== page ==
With Rent Due, Leases Don’t Give Retailers and Restaurants an Easy Out

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For retailers and restaurants opting to not pay rent to their landlords, contractual language in their lease agreements is not likely to provide much relief, according to industry sources who asked for anonymity due to the sensitive nature of negotiations.

A number of chains are struggling to pay their bills because their locations are shuttered as part of the effort to help contain the coronavirus. Rents for retailers and restaurants were due April 1, though agreements typically allow a five- to 10-day grace period.

“A lot of retailers are not paying April rent,” said Joseph Malfitano, founder of and restructuring advisor at Malfitano Partners. Many of these tenants sent letters out April 1, and while most are engaged in discussions with landlords, some are not, he said.

Cheesecake Factory, for example, told its landlords in a letter dated March 18 that it will not pay rent for the month of April.

The restaurant chain said in a public filing last week that it is in various stages of discussions with its landlords regarding its rent obligations, including deferral, abatement or restructuring of its rent. When contacted, the company declined to provide a comment beyond its public statement.

Apparel retailer Urban Outfitters, likewise, said on Tuesday it would temporarily suspend rent payments. Sandwich maker Subway and Mattress Firm were also reported to have sent letters to landlords warning they may postpone or abate rents. All three companies did not respond to Adweek’s request for comment.

Lease language may not provide an out

Many of these companies may have little legal cover for doing so, according to a corporate attorney, who is currently advising a number of retailers on the matter, as well as a real estate executive.

For companies with only a few landlords, they are likely already in direct talks, Malfitano said, but for those with hundreds of landlords, it’s not feasible to have contacted them all prior to April 1. The strategy for the latter is to send a letter and invite discussions, he said.

“The game right now is to conserve cash,” Malfitano said. Most retailers are seeking rent relief for one to two months, while others are aggressively asking for three months of free rent.

Some of these retailers and restaurant chains, however, may also have no choice financially but to not pay rent, the lawyer said. They also said that “Cheesecake Factory is a huge, sophisticated company. It wouldn’t have done that without a lot of thought.”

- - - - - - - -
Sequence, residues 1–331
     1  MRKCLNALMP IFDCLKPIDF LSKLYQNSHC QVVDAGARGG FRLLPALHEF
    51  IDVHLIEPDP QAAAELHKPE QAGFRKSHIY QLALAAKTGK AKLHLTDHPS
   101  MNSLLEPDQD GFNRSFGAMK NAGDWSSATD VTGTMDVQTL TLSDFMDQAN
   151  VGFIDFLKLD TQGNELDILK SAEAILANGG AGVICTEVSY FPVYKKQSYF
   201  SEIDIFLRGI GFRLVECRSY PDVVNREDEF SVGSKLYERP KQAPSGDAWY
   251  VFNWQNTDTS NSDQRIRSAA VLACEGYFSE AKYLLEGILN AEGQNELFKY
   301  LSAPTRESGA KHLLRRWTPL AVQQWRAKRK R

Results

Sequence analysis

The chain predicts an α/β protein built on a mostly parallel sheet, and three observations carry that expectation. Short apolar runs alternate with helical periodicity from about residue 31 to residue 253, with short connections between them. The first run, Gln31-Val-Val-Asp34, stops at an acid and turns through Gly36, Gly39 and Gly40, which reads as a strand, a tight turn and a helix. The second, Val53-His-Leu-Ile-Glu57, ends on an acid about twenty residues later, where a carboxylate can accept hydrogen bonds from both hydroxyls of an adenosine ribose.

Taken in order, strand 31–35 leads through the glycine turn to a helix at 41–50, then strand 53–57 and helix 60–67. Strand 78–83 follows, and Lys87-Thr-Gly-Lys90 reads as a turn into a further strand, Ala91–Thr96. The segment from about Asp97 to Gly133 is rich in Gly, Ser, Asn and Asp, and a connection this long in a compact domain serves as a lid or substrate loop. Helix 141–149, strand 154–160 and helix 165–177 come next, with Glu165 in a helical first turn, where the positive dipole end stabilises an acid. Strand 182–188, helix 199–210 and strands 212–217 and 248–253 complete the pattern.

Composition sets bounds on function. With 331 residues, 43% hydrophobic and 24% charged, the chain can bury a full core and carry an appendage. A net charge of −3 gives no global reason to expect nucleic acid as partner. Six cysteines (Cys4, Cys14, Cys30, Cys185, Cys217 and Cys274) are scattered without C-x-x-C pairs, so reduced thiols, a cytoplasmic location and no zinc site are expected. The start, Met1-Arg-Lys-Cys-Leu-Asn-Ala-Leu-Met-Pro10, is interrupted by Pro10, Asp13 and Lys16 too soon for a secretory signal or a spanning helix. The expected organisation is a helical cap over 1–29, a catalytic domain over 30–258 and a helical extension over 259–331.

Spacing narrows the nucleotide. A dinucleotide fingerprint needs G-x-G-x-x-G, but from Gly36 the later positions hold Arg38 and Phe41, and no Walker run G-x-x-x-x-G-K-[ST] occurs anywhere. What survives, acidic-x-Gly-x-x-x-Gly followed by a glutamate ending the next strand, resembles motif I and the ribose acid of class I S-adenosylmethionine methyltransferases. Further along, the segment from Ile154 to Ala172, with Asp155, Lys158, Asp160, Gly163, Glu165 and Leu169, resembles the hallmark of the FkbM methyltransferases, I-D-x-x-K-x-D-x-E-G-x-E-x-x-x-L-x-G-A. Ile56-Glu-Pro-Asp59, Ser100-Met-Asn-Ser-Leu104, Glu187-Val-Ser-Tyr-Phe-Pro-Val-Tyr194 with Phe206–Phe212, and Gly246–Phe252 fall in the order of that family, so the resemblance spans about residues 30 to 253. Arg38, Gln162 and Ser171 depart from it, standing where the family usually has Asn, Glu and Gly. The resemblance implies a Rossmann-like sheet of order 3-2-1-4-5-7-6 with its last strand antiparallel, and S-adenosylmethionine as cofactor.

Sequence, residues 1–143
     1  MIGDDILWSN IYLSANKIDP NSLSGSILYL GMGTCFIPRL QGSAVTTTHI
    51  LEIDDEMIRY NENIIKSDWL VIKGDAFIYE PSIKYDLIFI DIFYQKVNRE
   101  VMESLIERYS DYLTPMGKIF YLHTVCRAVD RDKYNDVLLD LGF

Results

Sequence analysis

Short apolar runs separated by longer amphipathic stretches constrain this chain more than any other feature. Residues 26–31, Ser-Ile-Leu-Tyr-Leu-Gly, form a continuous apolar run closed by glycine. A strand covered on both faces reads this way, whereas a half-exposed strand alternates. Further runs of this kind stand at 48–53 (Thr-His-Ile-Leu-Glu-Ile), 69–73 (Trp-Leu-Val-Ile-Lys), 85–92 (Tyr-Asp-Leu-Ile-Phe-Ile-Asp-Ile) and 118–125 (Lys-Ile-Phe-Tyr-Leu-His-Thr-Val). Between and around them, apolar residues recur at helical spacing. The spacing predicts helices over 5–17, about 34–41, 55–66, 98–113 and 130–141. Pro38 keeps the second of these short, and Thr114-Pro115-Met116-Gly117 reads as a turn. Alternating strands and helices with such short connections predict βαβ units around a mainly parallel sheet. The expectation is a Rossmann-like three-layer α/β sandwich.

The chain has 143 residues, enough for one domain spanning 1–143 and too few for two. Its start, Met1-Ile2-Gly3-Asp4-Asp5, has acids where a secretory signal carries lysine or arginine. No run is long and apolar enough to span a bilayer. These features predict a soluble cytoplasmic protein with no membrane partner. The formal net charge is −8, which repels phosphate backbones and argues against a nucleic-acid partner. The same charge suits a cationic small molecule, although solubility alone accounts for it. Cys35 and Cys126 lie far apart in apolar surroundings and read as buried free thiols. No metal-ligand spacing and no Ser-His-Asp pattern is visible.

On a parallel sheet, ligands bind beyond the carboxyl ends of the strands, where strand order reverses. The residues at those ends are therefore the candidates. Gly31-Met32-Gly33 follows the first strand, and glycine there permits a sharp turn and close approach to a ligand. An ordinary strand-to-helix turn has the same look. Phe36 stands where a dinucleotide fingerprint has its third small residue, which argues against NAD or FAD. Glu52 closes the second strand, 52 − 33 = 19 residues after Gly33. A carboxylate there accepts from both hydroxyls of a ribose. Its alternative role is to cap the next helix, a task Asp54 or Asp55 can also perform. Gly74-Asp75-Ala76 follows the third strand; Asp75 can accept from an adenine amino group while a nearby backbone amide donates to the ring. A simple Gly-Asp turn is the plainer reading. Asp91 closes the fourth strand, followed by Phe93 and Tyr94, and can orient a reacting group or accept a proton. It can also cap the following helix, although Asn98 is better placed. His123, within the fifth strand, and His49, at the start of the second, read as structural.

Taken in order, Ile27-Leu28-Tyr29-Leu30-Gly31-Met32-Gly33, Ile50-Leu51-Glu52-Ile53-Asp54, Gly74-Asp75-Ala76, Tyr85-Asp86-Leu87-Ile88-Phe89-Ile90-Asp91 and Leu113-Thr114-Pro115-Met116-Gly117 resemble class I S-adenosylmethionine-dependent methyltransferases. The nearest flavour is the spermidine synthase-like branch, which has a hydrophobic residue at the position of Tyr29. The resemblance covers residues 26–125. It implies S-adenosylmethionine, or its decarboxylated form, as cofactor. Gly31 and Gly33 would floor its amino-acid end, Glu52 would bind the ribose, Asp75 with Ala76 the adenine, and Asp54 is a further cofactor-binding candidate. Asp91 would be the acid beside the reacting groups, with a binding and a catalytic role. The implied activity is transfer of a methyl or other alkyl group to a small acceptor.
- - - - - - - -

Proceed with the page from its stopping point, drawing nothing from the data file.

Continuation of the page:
Solvent businesses in particular do not have a viable rationale for withholding payment, the real estate executive said. Adidas, which is financially sound for example, was criticized by the German government for its plan to not pay rent. Consequently, the sneaker maker backtracked on that decision.

And while landlords are sensitive to the financial struggles of distressed retailers and willing to work with them, in either case tenants need to engage in discussions rather than send letters declaring their intent, the executive said, emphasizing that it is a contractual matter.

Force majeure

Most lease agreements—if not all—between retailers and their landlords include a “force majeure” clause, which may remove liabilities due to a catastrophic event, such as a natural disaster. A number of companies are invoking the provision to withhold payment.

Force majeure clauses can either be worded broadly or they can list specific events that qualify as such. In most cases, such clauses will not relieve a tenant of either their obligation to pay rent or their other economic obligations under the lease, the lawyer said.

One of the instances that force majeure does provide relief for tenants is that it may allow them to close a store that would otherwise be required to be open. But since landlords are also having to shutter these facilities, the point is moot.



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